In Pau Gasol's playoff debut with the Lakers, he scored 36 points, 16 rebounds, 8 assists and 3 blocked shots as the Lakers beat the Nuggets in Game 1. After Game 1, Kobe Bryant publicly announced his desire to remain as a Laker. Kobe Bryant gave the fans a vintage performance in Game 2 by scoring 49 points and adding 10 assists in a blowout at Staples Center. Game 2 against the Nuggets would mark a playoff first in which Lakers rookie guard Coby Karl became the first player to go against his coaching father, George Karl, in an NBA playoff game. The Nuggets were routed at home in Game 3, with Carmelo Anthony stating the team quit in the second half. Game 4 was closer, but Bryant led the Lakers with 14 points in the last five and a half minutes to close out the Nuggets at the Pepsi Center. The Lakers were the only team in 2008 to sweep an opponent in the playoffs.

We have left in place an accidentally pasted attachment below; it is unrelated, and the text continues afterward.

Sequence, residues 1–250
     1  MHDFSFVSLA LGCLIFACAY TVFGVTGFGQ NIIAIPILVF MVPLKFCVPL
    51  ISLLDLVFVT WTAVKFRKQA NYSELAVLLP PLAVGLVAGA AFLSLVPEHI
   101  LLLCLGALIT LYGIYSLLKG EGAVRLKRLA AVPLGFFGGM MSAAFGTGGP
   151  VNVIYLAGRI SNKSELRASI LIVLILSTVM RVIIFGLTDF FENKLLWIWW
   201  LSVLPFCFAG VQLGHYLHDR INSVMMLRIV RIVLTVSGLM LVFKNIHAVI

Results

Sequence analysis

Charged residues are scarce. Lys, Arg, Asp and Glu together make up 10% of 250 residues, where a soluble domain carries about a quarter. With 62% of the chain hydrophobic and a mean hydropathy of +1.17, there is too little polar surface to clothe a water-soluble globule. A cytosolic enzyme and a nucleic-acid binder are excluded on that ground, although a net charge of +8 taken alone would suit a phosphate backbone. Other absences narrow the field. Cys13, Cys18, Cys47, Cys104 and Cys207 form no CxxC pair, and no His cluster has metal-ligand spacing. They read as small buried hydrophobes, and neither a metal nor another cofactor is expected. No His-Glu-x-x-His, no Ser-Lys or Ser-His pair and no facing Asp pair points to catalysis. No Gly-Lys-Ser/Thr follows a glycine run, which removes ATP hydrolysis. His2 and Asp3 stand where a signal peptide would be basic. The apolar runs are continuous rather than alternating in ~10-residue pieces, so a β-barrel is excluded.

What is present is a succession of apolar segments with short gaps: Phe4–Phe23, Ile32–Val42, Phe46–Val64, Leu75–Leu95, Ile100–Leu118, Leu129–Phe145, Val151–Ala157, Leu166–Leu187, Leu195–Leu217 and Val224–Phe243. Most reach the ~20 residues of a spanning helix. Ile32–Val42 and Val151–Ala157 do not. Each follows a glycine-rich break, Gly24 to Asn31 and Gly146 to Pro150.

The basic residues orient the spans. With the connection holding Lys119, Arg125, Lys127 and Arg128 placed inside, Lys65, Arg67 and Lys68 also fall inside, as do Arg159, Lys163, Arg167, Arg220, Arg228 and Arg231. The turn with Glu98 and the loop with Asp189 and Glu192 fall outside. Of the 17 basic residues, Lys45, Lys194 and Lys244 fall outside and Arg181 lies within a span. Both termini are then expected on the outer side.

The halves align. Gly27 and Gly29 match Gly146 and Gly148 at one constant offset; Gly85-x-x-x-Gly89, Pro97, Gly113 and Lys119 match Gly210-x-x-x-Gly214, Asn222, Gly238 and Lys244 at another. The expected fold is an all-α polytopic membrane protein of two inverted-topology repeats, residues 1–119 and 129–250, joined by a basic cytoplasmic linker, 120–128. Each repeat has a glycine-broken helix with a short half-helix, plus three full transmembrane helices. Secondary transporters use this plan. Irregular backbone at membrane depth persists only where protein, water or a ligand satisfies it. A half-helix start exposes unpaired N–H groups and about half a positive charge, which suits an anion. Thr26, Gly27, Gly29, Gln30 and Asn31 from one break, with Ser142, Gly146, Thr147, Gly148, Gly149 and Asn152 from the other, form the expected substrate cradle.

The Lakers faced the Utah Jazz in the second round of the playoffs which began on May 4th at Staples Center. It was the first time the two franchises had competed in a post-season series since the 1998 Western Conference Finals. Kobe Bryant and Derek Fisher, and Utah Head Coach Jerry Sloan and Assistant Coach Phil Johnson were the only individuals present from the 1998 series that were in this series. Conversely, it was also the first play-off series meeting between Coach Sloan, and Lakers' Head Coach Phil Jackson since the Chicago Bulls defeated the Jazz in the NBA Finals that same year. The Lakers took game 1 at Staples Center winning by 11 against the Jazz. During Game 2 against the Utah Jazz, Bryant was officially named the 2007-2008 NBA Most Valuable Player award, to which he promised the fans that the team would "play until June," that he was "very proud to represent organization, to represent city" and thanked his teammates for helping him win the MVP award for the first time in his 12-season career. He said, "the special thing about this award is that we have done it together. I can't stress it enough. This is not an individual award." After being presented the trophy Bryant led his team to their second victory with 34 points, 8 rebounds, and 6 assists. Having a 6–0 record in the playoffs the Lakers would travel to Utah to play the 3rd and 4th game of the series. However their streak would come to a sudden halt. The Jazz won both Games 3 and 4 to even up the series with Deron Williams and Carlos Boozer, who bounced back after having two terrible games at L.A., leading the team. Game 4 went to overtime which the Lakers lost for the first time this season. The series would head back to Los Angeles tied 2–2. The Lakers came back with authority as they took Game 5 with Bryant, Gasol, and Odom scoring 20 plus points each. The Jazz looked to force a Game 7 but the Lakers closed out the series in Game 6 in Utah to end the series 4–2. Their victory on the road against the Jazz marked not only an impressive road win against a team with the best home record in the league, but also the second victory a road team had notched against a home team in the entire 2007-2008 playoff Conference Semifinals, as home teams had won at an unprecedented 22–2 pace.